The Also Rans

What makes Al Sharpton, Dennis Kucinich, and Joe Lieberman keep on running?


Why are Dennis Kucinich and Al Sharpton — and Joe Lieberman, for that matter — still running for the Democratic nomination? Self-delusion? Vanity? Sheer cussedness?

The contest is barely underway and already Sharpton, Kucinich and Lieberman are painfully short of the three things any candidate needs going into the big-state, “wholesale” phase of the primary season: money, media, and momentum.

Lieberman got 9 percent of the vote in New Hampshire, which put him behind Kerry (38%), Dean (26%), Clark (12%) and Edwards (12%), into what most would describe a fifth place finish but what Lieberman describes as a “three-way split decision for third place,” causing one pundit to wonder “which state” he was referring to. Kucinich stormed home with 1 percent of the vote; Sharpton didn’t even bother to campaign in New Hampshire.

Of course, Sharpton and Kucinich never expected to win (right?). Sharpton, of course, has designs on Jesse Jackson’s mantle, and he’ll be hoping to do well in South Carolina, with its large black vote. ultimate goal will most likely to make an impact as a leader. The Chicago Tribune writes:

“Sharpton, the only African-American in the race, hasn’t been a factor (or a presence) in the season’s first two contests. But he’ll be all over South Carolina. And trust me, he’ll be hard to ignore…Sharpton has thrown virtually all of his resources into making a good showing in South Carolina, where 40 percent of the primary’s voters are black. Sharpton, in a bid for new respect as a national civil rights leader, hopes that a good showing there will propel him to a major role at the Democrats’ nominating convention this summer in Boston.”

A new ARG poll shows Sharpton holding third place in South Carolina with 15 percent, behind Edwards (21) and Kerry (17), and just ahead of Clark (14).

As for Dennis Kucinich, Ben and Jerry may support him, but few average Americans do. He placed fifth in Iowa with 1 percent of the vote, and sixth in New Hampshire with the same.

But Kucinich has vowed to remain in the race until the end, despite suggestions from some observers that he risks becoming “invisible”. One Ohio poli sci professor said that Kucinich really needs to be asking himself, “At which point do I gracefully bow out and move on with my life or my congressional career?” That may be no time soon. Kucinich claims to be the only true anti-war candidate and he hopes his campaign will nudge the eventual nominee in an anti-war direction. (He is also the only vegan candidate; it’s not clear whether he hopes to nudge the eventual nominee in that direction, too.)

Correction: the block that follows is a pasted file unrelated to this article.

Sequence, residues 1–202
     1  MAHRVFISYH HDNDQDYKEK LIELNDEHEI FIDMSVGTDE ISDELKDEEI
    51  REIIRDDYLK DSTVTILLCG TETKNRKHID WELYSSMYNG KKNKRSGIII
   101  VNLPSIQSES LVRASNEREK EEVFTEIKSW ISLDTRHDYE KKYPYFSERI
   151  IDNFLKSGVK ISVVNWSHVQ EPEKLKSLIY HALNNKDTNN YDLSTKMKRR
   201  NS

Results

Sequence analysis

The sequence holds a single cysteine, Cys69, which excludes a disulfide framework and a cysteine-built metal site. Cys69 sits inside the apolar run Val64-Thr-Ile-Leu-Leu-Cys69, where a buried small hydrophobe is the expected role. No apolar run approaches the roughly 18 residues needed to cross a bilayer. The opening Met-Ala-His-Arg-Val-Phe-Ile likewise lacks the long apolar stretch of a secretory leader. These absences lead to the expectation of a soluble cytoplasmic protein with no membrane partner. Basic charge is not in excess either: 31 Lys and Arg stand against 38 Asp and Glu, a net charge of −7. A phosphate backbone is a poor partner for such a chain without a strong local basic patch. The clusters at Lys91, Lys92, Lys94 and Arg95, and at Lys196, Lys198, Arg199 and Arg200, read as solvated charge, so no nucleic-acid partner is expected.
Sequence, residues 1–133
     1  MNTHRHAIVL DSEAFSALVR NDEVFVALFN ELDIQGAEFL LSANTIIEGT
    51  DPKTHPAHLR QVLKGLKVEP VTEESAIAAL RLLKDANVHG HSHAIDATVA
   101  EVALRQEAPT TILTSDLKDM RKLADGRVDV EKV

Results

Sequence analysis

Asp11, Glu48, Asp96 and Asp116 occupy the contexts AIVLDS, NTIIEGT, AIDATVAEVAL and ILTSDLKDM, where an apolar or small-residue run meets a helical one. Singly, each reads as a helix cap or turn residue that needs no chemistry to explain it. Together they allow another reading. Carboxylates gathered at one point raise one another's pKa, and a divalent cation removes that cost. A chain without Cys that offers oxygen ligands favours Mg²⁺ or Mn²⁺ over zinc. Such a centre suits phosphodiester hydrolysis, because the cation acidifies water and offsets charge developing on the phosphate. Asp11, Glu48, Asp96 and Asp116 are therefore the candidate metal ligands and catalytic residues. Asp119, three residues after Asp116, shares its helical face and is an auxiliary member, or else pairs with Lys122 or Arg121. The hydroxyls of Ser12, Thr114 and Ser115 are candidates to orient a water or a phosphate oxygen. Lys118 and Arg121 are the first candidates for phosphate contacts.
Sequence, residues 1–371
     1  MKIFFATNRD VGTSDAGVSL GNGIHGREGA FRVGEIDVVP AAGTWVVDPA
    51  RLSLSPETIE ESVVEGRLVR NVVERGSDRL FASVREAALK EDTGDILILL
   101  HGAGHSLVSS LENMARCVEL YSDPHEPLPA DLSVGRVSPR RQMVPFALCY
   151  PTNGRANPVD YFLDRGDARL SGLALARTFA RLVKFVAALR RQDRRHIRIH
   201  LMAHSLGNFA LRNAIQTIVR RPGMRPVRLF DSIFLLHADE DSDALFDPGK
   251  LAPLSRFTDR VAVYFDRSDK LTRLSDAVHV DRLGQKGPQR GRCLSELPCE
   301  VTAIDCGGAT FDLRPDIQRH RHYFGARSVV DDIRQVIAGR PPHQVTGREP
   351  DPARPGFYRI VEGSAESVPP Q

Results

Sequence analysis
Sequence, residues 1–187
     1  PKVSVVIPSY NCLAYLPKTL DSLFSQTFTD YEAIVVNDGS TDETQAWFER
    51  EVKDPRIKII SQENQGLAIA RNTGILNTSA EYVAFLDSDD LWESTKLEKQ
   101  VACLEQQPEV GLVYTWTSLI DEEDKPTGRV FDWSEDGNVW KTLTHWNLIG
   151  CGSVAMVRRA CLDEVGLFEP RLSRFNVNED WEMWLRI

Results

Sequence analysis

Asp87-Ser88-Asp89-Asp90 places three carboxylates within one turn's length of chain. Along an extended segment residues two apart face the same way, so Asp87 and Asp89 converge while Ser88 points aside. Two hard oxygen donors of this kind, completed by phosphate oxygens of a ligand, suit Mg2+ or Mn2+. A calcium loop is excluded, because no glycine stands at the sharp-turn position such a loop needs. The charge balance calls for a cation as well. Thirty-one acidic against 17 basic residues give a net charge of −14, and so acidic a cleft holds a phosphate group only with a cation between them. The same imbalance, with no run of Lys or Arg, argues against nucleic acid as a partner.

Kucinich is not prepping his concession speech just yet. He told one radio journalist, “I’m not subject to [critics] idea of the way the world should be. I don’t need their permission to run for president.”

Kucinich’s and Sharpton’s continued presence in the race probably doesn’t much alter the overall dynamics of the contest. The same can’t necessarily be said about Lieberman. Noam Scheiber writes in The New Republic that if the senator doesn’t get out soon, he might become mess things up for a serious candidate:

“Lieberman isn’t just making himself look foolish by staying in the race. (If that were all that was going on, Lord knows I’d be all for it.) He’s actively hurting the chances of the one person who can still beat John Kerry and save the Democratic Party from apocalyptic defeat in November: John Edwards. That’s because, as my colleague Frank Foer points out today, Edwards is the most moderate remaining candidate in the field, and therefore the candidate most likely to benefit from Lieberman’s withdrawal. The longer Lieberman sits on his (admittedly dwindling) base of support, the harder it becomes for Edwards to consolidate the anti-Kerry vote.”

Lieberman says that he never expected to win the early primaries. As the most conservative of the Democratic candidates, he considers himself the most closely aligned with the mainstream Democratic party and therefore highly “electable” in the long haul.

Some voters might want to vote for the likes of Kucinich, Sharpton or Lieberman on principle but worry that it would be a wasted vote, or worse, that if one of them did win the nomination, they would sure lose in a head-to-head with Bush. Kucinich was once asked in a debate about Democrats who don’t consider him electable, he shot back: “Well, you know, I’m electable if you vote for me.”

The Christian Science Monitor says, rather highmindedly, that people who like Al, Joe, or Dennis should go ahead and vote for them:

“[Kucinich], like many of his rivals, hopes voters judge him for his positions, character, and resume. But in this election year, a high number of voters are playing political pundits, checking the electoral-college math, and often ignoring issues to see if someone has “electability.”

But elections are diminished when voters don’t choose a candidate who best represents them, putting pragmatism ahead of principles. If every voter simply tried to figure out what other voters want in a president, who would be the authentic voter?


Voters have complex reasons for choosing candidates, but to pick someone because he’s not like Bush and can beat him runs the risk of overlooking a candidate’s positions and ignores key differences with the other candidates. The tag of electability is also fickle, as pundits and candidates often discover. Democrats should pick someone who’s more than simply the best anti-Bush.”

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